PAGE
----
Six Years Later: Are We Safer?

Six Years Later: Are We Safer?

Published February 11, 2008

Posted Sept. 11, 2007 – Six years after the terrorist attacks of Sept. 11, 2001, are Americans safer, or are we even bigger targets on terrorists’ radars?
The answer may seem obvious, but the question is a bit more complicated and confusing. 

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Since Muslim extremists hijacked U.S. jumbo jets and crashed them in New York, Virginia and Pennsylvania – causing the deaths of some 2,974 Americans – there haven’t been any successful terrorist assaults on U.S. soil.
And, as Bush administration officials have been quick to point out, the U.S. government and several foreign allies have stopped would-be terrorists on more than one occasion.  For example:
• Most recently, little over a week ago, German officials arrested three suspects linked to al-Qaeda who were plotting the biggest terror attacks against Americans since 9/11. The targets were places where Americans congregate, like Germany’s Frankfurt Airport, the U.S. Base in Hanau and the huge U.S. Ramstein Air Base. The wannabe killers had purchased 1,500 pounds of explosive chemicals to carry out their goal, German intelligence officials said, noting that their motivation was “their intense hatred of Americans.”

• In June, federal authorities foiled a plot by a retired airport worker, a former member of the Guyanese Parliament and several religious extremists to jam explosives into several fuel channels at John F. Kennedy International Airport in New York, which would likely have caused innumerable casualties and economic chaos. The three men who were arrested allegedly bragged that the act would be worse than 9/11 and would leave “the whole country mourning.”

• In May, six men were arrested before they could use automatic weapons to enter Fort Dix and kill as many soldiers as they could at the N.J. base, according to investigators. The would-be terrorists were from Albania and Yugoslavia but had spent many years in the United States; they had been targeting other U.S. installations, such as Dover Air base, Fort Monmouth and several Coast Guard stations before deciding on Fort Dix, counter-intelligence officials said. The suspects allegedly put their savings together to pay for the planned destruction.

• In June 2006, FBI informants stopped another plot to blow up the Sears Tower in Chicago and the FBI building in Miami.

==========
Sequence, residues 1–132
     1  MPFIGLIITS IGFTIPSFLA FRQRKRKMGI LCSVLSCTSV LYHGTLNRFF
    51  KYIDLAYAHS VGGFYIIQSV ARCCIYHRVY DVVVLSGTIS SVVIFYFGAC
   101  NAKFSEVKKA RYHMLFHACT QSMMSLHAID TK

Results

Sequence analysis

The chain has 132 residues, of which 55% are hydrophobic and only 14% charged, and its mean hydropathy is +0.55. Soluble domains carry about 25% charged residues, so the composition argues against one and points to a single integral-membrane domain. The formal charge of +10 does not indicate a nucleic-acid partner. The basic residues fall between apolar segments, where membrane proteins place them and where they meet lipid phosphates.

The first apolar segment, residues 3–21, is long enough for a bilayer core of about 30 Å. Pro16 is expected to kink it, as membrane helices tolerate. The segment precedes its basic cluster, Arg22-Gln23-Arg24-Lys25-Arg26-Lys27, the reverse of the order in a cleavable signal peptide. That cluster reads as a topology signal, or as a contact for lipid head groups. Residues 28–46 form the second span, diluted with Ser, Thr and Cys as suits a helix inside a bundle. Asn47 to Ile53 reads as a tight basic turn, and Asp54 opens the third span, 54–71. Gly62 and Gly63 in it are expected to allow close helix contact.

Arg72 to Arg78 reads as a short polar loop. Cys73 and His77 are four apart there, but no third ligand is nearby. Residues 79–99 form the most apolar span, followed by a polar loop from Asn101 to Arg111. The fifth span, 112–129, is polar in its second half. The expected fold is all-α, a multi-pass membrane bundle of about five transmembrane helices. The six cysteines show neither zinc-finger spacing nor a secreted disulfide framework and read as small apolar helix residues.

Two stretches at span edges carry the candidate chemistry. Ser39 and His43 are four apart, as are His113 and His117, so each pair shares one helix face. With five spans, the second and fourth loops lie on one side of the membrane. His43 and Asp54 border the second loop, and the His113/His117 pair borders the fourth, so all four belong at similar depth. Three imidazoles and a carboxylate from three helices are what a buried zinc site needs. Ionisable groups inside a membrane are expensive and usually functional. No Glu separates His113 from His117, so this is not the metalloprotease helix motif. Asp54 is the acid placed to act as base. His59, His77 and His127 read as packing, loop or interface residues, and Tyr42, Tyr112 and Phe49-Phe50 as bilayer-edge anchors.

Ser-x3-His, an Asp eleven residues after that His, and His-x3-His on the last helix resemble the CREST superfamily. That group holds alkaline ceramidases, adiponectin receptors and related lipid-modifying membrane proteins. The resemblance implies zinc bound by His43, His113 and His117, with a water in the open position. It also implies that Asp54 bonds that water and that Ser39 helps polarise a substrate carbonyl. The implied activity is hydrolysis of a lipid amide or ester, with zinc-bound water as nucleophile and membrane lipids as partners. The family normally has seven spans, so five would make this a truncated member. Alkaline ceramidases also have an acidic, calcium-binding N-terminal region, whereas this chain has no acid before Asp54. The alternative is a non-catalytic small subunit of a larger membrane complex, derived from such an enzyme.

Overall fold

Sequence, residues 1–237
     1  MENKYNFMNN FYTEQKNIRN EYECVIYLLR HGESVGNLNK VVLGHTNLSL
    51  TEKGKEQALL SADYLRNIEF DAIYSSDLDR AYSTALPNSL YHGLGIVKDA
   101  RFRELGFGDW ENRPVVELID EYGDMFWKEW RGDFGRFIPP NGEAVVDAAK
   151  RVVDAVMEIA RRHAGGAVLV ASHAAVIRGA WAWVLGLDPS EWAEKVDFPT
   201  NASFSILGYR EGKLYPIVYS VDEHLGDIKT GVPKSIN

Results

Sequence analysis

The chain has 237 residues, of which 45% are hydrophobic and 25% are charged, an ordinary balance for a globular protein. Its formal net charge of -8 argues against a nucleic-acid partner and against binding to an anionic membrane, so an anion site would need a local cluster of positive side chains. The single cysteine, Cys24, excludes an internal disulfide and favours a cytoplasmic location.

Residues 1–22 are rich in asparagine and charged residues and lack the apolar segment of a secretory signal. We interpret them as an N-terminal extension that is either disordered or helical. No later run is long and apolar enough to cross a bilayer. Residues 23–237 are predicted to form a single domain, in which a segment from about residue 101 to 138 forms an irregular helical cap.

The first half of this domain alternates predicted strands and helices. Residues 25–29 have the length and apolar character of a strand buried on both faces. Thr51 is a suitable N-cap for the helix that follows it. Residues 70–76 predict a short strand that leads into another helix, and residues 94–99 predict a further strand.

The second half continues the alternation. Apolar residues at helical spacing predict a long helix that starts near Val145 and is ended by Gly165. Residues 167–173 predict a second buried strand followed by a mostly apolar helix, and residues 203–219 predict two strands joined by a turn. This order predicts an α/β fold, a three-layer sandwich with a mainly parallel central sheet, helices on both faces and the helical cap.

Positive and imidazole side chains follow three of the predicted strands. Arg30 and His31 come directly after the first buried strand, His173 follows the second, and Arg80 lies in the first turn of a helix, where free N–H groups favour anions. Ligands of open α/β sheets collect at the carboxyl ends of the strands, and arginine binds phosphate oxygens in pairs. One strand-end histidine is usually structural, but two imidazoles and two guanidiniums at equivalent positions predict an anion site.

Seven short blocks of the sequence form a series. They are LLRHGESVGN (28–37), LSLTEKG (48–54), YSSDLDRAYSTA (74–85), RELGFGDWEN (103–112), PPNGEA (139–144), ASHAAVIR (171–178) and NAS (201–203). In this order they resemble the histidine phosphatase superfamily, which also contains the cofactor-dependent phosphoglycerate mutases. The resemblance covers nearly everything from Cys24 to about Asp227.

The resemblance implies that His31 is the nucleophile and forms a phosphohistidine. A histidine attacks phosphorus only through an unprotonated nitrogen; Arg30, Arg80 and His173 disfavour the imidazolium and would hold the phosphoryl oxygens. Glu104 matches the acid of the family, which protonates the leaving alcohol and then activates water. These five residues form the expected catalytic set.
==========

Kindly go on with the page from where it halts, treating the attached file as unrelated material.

• In August 2006, British authorities thwarted a terrorist plot to simultaneously blow up 10 aircraft heading to the United States by using explosives smuggled in carry-on luggage, barely averting “mass murder on an unimaginable scale,” as police described it. Two dozen people were arrested, but the mastermind of the plot and at least three of his henchmen were never caught.

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But, as many critics of U.S. foreign policy note, it’s a matter of intense debate as to whether the numerous examples of upstaged terrorist plots exemplify the Bush administration’s prowess at intelligence or its ineptitude at fostering friends around the world.

Many lawmakers, defense experts and others contend that U.S. Military intervention in Iraq and other parts of the world has only made America more vulnerable to foreign resentment. Resentment, they argue, breeds terrorism, which is why there are so many attempts to kill Americans.

In this era of the Internet and high-speed global communications, the United States appears to be losing the propaganda war, according to scholars and counter-terrorism experts. As examples, they cite the numerous Islamic Web sites that denounce “American Imperialism” and note the rapid rise in recruitment among terrorist groups like al-Qaeda.

Democratic presidential hopeful Sen. Barack Obama, who has been a consistent public opponent of the war, warned early on that an Iraq invasion would, “lead to an occupation of undetermined length, at undetermined cost, with undetermined consequences.”
Although she initially voted to endow President Bush with the authority to invade Iraq, Sen. Hillary Clinton, another Democratic presidential candidate, said recently that “the president’s go-it-alone attitude has diminished our position in the region and around the world.”
And America’s military aggressive position abroad has also made her allies more vulnerable, some say. In a 2005 report by the Chatham House, also known as the Royal Institute of International Affairs, two noted British scholars concluded that the British government "has been conducting counter-terrorism policy 'shoulder to shoulder' with the U.S., not in the sense of being an equal decision-maker, but rather as pillion [back-seat] passenger compelled to leave the steering to the ally in the driving seat…, [which] has proved costly in terms of British and U.S. military lives, Iraqi lives, military expenditure and the damage caused to the counter-terrorism campaign."

What do you think? Are the numerous failed attempts to blow up Americans a sign that the Bush administration is doing a pretty good job of protecting us. Or are they a sign that the Bush administration has made more people hate us the world over?

Written by BET-Staff


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